The East Malaysian state of Sabah is conducting a bold new experiment in multiracial politics. In state assembly elections this past weekend, the ruling Sabah United Party (PBS) won a strong mandate from Christian, Chinese, and some Muslim voters, to bring about changes in this oil- and timber-rich state. The election was held following a year of political turmoil.
The experiment could have important implications for the rest of Malaysia, where races typically have their own political parties and power is nominally shared through party coalitions -- although the ethnic Malay Muslims in fact control the national government behind a ruling coalition called the National Front.
Although PBS's original constituency was the predominantly Christian Kadazan tribe, the party won the majority of Chinese votes and also made strong inroads into the Malay Muslim community -- to win 35 of the 48 seats in the state assembly. PBS was formed last year as a Kadazan counter to the Muslims' political and economic domination. In its debut in the April 1985 state election, PBS won a 26-seat majority.
PBS's evolution pretty much fits the Sabah political pattern. The previous government was headed by the nominally multiracial Sabah People's Union (Berjaya), which had been formed seven years before for the explicit purpose of ousting the Muslim-dominated United Sabah National Organization from power.
In last year's election, USNO gained 16 seats and Berjaya six. But, despite their minority showing, they tried to outflank PBS. USNO and Berjaya leaders made a post-midnight visit to the state governor and persuaded him to swear in veteran USNO leader Tun Mustapha bin Datuk Harun as the state's new chief minister. Hours later, the governor, claiming he had been coerced, revoked the appointment and swore in PBS leader Datuk Joseph Pairin Kitingan.
That move, as it turned out, solved nothing. Angered at PBS's refusal to let them share in the pie through a coalition government, USNO and Berjaya boycotted the assembly and worked assiduously to encourage defections from PBS.
Tun Mustapha went to court to promote his claim to be rightful chief minister -- an action that was dismissed just before last weekend's election. The federal government in Kuala Lumpur also played its part. Berjaya was part of the ruling National Front headed by Prime Minister Datuk Seri Mahathir bin Mohamad, who campaigned strongly on its behalf in the April 1985 election.
After PBS's victory, Dr. Mahathir refused to admit the party into the National Front -- composed of parties separately representing all of Malaysia's major racial groups -- on the grounds it was not multiracial. Translated, that meant it didn't look after Malay Muslim interests.
Pork-barrel politics has always been the name of the game in Sabah, and the power shift was seen as undermining Malay economic interests. Soon the cry went up that PBS was pursuing anti-Islamic policies -- an issue that Mahathir, under fire from Islamic fundamentalists in peninsular Malaysia for alleged heretical behavior, could not afford to ignore.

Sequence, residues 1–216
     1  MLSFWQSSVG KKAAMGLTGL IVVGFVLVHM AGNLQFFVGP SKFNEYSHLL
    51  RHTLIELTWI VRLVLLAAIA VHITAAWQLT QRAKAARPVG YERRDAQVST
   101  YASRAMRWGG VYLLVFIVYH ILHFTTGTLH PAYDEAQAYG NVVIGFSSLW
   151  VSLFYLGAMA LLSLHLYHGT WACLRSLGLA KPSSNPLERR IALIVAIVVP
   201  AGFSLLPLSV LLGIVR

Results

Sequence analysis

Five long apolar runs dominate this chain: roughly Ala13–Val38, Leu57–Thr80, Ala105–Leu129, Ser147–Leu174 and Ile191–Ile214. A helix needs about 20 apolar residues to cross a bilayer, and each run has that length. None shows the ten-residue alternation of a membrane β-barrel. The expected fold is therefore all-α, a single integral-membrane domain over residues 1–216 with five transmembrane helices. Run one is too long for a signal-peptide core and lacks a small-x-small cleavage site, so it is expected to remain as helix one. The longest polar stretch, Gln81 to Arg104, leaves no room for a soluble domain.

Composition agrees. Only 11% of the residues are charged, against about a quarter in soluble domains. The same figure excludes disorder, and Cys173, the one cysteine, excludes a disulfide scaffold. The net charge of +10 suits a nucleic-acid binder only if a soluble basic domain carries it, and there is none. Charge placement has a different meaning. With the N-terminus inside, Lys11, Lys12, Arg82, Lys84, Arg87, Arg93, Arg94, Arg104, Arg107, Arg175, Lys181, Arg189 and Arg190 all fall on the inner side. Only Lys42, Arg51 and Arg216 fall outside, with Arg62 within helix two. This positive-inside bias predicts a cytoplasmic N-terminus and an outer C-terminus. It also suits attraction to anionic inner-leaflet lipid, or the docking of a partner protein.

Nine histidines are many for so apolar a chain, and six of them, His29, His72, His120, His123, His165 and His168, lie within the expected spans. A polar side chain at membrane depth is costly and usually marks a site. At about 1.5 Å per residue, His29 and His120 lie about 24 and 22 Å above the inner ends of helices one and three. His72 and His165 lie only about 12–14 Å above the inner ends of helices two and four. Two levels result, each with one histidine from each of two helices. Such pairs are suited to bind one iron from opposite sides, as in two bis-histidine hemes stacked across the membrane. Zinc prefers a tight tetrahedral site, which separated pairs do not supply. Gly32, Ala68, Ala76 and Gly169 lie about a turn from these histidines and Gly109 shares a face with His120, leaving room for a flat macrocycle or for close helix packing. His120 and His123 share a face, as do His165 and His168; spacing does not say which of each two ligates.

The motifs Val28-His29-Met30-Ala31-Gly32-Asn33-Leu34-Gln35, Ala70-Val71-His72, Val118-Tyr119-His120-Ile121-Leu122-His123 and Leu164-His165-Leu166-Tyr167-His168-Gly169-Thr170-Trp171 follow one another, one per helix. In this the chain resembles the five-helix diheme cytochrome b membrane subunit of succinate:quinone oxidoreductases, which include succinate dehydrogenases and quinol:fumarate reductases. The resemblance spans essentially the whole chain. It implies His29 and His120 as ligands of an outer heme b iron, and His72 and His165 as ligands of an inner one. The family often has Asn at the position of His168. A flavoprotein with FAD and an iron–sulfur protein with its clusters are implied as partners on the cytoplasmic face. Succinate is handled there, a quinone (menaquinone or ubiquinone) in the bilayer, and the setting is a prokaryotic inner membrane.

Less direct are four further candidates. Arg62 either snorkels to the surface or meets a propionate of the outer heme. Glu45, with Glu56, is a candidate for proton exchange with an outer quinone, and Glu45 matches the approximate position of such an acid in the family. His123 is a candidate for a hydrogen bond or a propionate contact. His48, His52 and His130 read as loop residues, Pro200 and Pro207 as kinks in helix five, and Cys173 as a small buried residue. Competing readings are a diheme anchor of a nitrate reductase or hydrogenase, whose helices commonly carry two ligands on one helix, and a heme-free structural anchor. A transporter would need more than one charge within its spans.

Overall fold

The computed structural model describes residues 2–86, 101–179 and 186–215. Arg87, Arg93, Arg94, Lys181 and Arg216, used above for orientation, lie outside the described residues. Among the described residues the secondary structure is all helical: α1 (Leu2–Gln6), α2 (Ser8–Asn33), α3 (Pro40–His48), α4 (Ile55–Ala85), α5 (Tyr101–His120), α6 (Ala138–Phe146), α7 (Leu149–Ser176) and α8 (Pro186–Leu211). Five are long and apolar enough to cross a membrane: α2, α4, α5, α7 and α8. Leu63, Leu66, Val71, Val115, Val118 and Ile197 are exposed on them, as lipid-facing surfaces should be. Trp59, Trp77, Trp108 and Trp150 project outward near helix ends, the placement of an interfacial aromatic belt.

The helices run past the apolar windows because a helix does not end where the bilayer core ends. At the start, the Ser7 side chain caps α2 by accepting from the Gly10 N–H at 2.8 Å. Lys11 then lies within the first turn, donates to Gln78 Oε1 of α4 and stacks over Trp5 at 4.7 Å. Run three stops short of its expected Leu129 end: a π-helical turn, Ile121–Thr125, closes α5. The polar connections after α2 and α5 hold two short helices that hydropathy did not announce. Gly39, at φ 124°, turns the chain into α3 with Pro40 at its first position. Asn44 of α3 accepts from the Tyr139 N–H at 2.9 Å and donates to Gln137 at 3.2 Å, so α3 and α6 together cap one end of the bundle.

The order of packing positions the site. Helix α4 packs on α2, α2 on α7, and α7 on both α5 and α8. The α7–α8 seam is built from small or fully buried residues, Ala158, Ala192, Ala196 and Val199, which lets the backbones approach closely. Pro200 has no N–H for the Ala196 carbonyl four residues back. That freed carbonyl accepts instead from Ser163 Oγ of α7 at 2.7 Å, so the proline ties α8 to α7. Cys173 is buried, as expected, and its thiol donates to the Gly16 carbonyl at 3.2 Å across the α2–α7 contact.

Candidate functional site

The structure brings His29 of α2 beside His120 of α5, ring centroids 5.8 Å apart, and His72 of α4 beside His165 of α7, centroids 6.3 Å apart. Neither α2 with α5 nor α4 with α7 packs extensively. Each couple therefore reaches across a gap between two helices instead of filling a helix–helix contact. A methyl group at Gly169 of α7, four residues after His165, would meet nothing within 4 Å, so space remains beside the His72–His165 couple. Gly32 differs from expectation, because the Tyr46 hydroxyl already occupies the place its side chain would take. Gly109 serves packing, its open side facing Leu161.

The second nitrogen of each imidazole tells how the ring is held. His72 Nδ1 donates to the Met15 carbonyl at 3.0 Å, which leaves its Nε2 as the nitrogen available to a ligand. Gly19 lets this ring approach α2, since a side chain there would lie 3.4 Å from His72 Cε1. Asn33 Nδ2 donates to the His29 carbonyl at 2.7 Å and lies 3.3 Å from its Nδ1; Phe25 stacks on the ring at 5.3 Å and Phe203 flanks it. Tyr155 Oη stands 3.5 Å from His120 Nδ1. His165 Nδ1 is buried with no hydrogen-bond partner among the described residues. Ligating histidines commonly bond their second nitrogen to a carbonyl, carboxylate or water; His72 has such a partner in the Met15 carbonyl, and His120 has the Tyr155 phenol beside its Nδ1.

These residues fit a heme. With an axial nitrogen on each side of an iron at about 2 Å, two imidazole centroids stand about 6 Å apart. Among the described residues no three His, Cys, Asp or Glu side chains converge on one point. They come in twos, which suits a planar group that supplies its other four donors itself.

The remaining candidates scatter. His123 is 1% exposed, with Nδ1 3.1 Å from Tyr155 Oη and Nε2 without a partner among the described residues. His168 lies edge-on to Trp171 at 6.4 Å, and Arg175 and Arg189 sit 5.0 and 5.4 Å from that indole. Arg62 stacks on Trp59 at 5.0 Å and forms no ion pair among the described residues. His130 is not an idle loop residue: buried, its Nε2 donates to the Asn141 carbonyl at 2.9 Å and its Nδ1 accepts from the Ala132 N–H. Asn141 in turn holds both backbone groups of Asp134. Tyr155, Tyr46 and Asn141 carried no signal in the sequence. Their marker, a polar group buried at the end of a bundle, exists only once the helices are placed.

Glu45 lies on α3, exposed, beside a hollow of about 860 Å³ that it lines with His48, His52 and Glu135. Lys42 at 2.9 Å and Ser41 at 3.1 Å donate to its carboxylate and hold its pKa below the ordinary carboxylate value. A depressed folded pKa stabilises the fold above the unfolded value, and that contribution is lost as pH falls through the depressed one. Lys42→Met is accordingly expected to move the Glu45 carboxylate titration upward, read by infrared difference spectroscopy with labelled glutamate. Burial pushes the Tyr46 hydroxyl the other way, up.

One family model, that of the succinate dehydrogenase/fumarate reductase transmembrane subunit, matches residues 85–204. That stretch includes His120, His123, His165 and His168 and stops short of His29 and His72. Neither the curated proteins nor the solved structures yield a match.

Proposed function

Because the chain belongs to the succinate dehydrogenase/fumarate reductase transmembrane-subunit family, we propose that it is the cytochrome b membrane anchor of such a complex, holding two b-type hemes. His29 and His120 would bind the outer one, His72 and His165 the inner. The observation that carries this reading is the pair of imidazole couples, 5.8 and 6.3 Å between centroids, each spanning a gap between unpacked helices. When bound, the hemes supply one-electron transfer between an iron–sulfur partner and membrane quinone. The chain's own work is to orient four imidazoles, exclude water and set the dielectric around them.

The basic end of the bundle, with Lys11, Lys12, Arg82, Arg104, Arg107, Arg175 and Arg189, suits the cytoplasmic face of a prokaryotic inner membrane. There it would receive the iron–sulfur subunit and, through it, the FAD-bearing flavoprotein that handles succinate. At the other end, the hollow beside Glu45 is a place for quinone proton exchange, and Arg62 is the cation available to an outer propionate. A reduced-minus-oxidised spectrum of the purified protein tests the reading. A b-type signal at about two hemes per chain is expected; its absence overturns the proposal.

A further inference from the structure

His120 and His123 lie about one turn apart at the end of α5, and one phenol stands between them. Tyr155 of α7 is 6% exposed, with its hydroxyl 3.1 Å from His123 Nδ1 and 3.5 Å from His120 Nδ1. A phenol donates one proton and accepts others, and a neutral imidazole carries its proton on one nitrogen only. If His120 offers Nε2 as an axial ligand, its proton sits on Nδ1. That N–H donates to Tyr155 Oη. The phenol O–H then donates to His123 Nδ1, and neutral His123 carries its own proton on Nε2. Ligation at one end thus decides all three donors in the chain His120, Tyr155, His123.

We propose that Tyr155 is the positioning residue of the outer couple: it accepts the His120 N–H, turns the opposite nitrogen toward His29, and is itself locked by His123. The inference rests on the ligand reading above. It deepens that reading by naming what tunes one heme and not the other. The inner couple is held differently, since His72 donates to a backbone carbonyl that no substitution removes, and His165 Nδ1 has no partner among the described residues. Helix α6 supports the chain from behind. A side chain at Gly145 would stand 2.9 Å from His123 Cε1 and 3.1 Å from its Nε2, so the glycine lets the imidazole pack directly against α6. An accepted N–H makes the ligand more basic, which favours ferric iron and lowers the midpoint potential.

The agitation culminated this March in an outbreak of rioting, arson, and bomb explosions. It was carefully orchestrated. The bombs, often exploding on deserted country lanes, were reportedly designed to create an image of instability and persuade Dr. Mahathir to declare a state of emergency and impose federal rule.
This he steadfastly refused to do. But he did attempt to restore peace by proposing a coalition government for Sabah comprising PBS, USNO, and Berjaya.
Rank-and-file members of PBS, angered at the way their election victory was being diluted, refused to let PBS leader Pairin accept the proposal. Instead, the electorate was urged to pass judgment.
After all their earlier fire, the two opposition parties waged a desultory campaign. Tun Mustapha stayed away in Kuala Lumpur, eventually announcing his retirement from politics and leaving USNO without a dominant personality to lead the campaign. Berjaya, with former Chief Minister Datuk Harris bin Mohammed Salleh also keeping a low profile, was equally ineffective.
The result was predictable. Berjaya was almost eliminated, winning only one seat, while USNO held onto 12. But USNO Secretary-General Tun Datu Haji Mustapha bin Datu Harun, Tun Mustapha's son, admitted that the party in its present form might be seeing the end of its days.
``I can foresee a time when there will be no USNO, even though Kuala Lumpur may not like the era of multiracial politics in Sabah,'' he told reporters.
He said politics in peninsular Malaysia were easily defined. ``There are the Malays, Indians, and Chinese. But in Sabah, we have 24 different races. We cannot have a political party for each race.''
One of PBS leader Pairin's first acts was to appoint three deputy chief ministers of equal rank, one each from the Kadazan, Chinese, and Malay communities.
But even while he tries to make PBS a multiracial party, the chief minister faces a vocal minority within the party who want to stress their Kadazan roots. Kadazans, they argue, are the true natives of Sabah, and government policies should reflect this -- just as the Kuala Lumpur government is promoting the interests of Malays on the peninsula.
There is much bitterness over the former Islamic domination in Sabah. During Berjaya's rule, a day was officially set aside each month for the mass conversion of Christians and animists, who are the majority in Sabah.
Prime Minister Mahathir maintained a low profile in the Sabah election campaign and accepted the overwhelming PBS victory with good grace in public.
But his failure to have his way in Sabah raises fresh doubts about his own future. He faces critics on all sides and has been actively campaigning nationwide to shore up his sagging popularity.